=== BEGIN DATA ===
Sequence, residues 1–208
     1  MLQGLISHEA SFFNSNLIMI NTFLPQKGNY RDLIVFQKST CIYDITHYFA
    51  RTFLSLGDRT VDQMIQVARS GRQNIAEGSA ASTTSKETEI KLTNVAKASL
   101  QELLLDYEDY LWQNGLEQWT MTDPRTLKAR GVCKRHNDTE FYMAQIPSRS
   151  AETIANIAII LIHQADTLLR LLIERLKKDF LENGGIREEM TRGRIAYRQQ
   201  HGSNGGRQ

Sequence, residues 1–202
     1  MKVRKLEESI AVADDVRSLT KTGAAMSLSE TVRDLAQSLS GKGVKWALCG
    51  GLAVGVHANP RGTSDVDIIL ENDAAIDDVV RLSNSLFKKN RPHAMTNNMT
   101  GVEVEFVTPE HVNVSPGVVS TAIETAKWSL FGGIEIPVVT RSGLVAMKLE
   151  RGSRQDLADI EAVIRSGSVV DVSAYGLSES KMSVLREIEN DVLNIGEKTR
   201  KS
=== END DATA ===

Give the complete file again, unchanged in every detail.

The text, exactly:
Sequence, residues 1–208
     1  MLQGLISHEA SFFNSNLIMI NTFLPQKGNY RDLIVFQKST CIYDITHYFA
    51  RTFLSLGDRT VDQMIQVARS GRQNIAEGSA ASTTSKETEI KLTNVAKASL
   101  QELLLDYEDY LWQNGLEQWT MTDPRTLKAR GVCKRHNDTE FYMAQIPSRS
   151  AETIANIAII LIHQADTLLR LLIERLKKDF LENGGIREEM TRGRIAYRQQ
   201  HGSNGGRQ

Sequence, residues 1–202
     1  MKVRKLEESI AVADDVRSLT KTGAAMSLSE TVRDLAQSLS GKGVKWALCG
    51  GLAVGVHANP RGTSDVDIIL ENDAAIDDVV RLSNSLFKKN RPHAMTNNMT
   101  GVEVEFVTPE HVNVSPGVVS TAIETAKWSL FGGIEIPVVT RSGLVAMKLE
   151  RGSRQDLADI EAVIRSGSVV DVSAYGLSES KMSVLREIEN DVLNIGEKTR
   201  KS